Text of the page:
Coffee & Contras, 30 years on

In 1984, at an intense and violent time of the Sandinista revolution, I picked coffee with a voluntary brigade in Northern Nicaragua. So now I am back working in Nicaragua, one of my first trips was to go back to the farm, to try and find out what had changed.


The early 1980’s were a time of optimism in Nicaragua with the early enthusiasm of the Sandinista revolution. One symbol of this was our brigade of students and workers from Managua who picked coffee to help bring in essential foreign currency. Seventy of us slept on two long bunks in a wooden barn, and we queued up three times a day to eat a diet of beans and rice served on ‘plate’ of a banana leaf.

Coffee & contras article w photos (2)

1984 coffee brigade in Matagalpa, Nicaraguans & European volunteers



I have had the old black and white photos since then. A column of pickers, every sixth one armed, winds up the slopes. Women pick coffee under the rain. European volunteers fumble with rifles when asked to do sentry duty. Last weekend I went back to Matagalpa to see if I could find the village. And to see how Nicaragua has changed in the last 30 years.

Coffee brigade on slopes 1984

1984, volunteer brigadistas set off towards coffee fields 




Driving up the winding road towards La Dalia, green coffee bushes on each side, brought back memories. In 1984 we drove in a convoy of trucks – red bandanas, khaki rucksacks, students singing revolutionary songs. A few weeks later a similar truckload of students was ambushed by the U.S. backed contra rebels and 14 young students killed. The road today is empty and peaceful, though with many more houses than I remembered. Arriving in roughly the area I remembered I began to ask around, if anyone remembered the co-operative where we worked.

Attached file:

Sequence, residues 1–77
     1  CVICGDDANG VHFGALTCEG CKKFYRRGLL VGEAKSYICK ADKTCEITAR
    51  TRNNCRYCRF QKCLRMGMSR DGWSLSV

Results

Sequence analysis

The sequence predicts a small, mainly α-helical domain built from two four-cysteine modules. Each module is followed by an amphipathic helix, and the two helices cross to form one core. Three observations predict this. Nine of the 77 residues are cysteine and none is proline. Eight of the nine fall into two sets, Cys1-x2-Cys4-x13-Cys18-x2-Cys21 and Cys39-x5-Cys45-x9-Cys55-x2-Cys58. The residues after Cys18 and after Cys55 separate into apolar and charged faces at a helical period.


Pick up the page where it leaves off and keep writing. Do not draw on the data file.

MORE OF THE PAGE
At first people were quite suspicious, and didn’t want to talk. It was also a challenge to find anyone over 40 – most of the Nicaraguan population is young. But when I pulled out the old photos they became interested. Older people came over and studied grainy pictures of children, recognising some of the adults of today.



2016, community leaders study photos of the Coop 30 years earlier



Little remains from the photos of old. The wooden barn we slept in has long ago been knocked down. But I found the old kitchen we ate in. The waterfall, where one brigadista drowned, remains of course. And I half-recognised the sweep of the hills where we walked and slipped in the mud of the coffee fields. The foreman from those days came up and reminisced. He was the one who shouted at us every day, ‘stay in your own row’, and ‘Only pick red!’


The foreman was unsure I had really been on the brigade in 1984, until we both remembered the worst incident of that time, when one drunken campesino blew his brains out playing Russian roulette. Apart from that unhappy memory they were pleased to see me. “You’ve not changed a bit” said the foreman, “except now you are fat!” What a cheek!